rounding off of melodic and rhythmic nuances" and similar relevant matters, of all of which, in his performance of "Ideale," there was precious little to be discerned, not to mention the wrong tempi.
The following Piano Concerto in A major found in Herr Reisenauer6 an intelligent and technically adept interpreter. The 13th Psalm for Chorus, Solo and Orchestra may well be the most fervent prayer that ever burst forth in harmony. It is the quiet turning in upon itself of a profound and truly religious nature. The music breathes a saint's joy in the faith, the transfigured devotion of a martyr. It is the most glorious apotheosis of Christianity. After this composition, in which the Choral Society distinguished itself, and with Herr Winkelmann singing the solos beautifully and movingly, after these consecrational sounds, the memorial should have come to a close. To follow it with the Hungarian Rhapsody No.4 was simply tasteless, not to say tactless.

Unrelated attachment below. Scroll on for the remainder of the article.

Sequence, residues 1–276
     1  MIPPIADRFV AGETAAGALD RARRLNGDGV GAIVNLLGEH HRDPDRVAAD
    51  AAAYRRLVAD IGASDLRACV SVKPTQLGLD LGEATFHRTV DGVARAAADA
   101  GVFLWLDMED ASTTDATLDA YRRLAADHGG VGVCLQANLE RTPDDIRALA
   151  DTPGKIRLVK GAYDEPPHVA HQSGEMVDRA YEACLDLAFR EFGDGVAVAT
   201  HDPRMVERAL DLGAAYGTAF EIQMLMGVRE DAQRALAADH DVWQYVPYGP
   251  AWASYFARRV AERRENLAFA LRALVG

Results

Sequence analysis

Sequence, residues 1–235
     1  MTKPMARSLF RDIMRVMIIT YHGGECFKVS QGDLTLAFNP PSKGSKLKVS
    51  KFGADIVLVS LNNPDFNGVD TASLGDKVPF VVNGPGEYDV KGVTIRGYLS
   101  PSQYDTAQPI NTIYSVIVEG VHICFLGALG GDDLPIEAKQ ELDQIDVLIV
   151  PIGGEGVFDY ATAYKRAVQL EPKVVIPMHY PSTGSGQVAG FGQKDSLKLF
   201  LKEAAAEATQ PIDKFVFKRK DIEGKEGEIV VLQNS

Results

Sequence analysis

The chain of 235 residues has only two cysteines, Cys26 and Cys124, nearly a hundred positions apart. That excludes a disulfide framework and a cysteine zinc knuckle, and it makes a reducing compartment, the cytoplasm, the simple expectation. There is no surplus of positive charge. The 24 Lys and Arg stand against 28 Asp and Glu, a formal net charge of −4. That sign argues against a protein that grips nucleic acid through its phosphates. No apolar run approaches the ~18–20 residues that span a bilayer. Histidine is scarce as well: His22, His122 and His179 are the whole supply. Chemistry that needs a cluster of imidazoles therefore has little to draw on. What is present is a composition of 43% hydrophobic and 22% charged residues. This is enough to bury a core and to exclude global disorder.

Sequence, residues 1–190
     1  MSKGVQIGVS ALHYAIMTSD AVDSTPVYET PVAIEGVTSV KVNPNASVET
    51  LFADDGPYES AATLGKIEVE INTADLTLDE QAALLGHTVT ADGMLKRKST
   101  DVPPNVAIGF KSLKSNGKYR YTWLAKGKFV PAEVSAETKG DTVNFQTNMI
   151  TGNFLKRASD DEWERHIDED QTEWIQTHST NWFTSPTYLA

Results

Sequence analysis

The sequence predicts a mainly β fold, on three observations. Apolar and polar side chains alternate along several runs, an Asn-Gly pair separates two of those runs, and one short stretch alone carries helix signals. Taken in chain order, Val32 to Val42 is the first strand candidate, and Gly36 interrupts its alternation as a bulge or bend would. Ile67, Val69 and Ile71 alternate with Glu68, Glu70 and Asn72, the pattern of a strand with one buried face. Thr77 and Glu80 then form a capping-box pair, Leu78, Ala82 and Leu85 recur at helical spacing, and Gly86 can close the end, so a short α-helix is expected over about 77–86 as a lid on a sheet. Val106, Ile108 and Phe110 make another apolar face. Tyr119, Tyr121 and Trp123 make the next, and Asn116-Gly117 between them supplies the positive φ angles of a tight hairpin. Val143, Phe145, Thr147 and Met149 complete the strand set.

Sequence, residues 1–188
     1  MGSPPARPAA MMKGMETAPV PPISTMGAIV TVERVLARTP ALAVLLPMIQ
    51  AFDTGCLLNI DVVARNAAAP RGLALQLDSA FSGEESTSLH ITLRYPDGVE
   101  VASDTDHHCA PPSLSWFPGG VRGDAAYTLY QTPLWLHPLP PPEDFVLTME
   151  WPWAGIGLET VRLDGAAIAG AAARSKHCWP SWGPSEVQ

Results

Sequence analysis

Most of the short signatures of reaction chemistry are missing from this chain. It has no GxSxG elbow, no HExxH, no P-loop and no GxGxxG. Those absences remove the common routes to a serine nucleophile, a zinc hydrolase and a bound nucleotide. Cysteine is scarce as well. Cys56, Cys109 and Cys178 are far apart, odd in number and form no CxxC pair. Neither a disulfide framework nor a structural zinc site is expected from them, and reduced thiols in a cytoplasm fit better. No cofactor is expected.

December 25, 1886
Euryanthe was performed on December 18, the master's birthday, bringing the Weber Cycle to an end. To have this work produced here must be counted among the rarest of artistic pleasures, something to be greeted with whole‐ hearted joy by everyone sincerely concerned with our cultural prosperity. We are speaking, however, of anticipation, for we doubt that the opera can bring full artistic satisfaction to the truly sensitive, and many who will have entered the opera house with high hopes on the day of a Euryanthe performance will have left it crushed and disappointed.
It was Weber's fate to be able merely to suggest his high-flown plans, not to realize them. Euryanthe, this master's child of sorrow, is actually nothing other than a practical handbook for opera composers, showing them precisely